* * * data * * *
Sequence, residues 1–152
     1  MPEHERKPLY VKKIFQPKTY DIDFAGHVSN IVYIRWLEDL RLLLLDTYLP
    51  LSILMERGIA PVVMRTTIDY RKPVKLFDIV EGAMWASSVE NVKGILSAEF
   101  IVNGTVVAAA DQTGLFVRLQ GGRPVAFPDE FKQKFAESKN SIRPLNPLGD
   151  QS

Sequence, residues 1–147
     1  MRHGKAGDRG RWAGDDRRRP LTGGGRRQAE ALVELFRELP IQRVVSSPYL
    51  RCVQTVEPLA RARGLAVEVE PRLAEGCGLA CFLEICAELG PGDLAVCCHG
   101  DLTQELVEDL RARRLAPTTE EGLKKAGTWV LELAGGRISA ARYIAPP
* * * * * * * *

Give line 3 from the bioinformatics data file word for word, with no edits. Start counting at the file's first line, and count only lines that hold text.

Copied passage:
    51  LSILMERGIA PVVMRTTIDY RKPVKLFDIV EGAMWASSVE NVKGILSAEF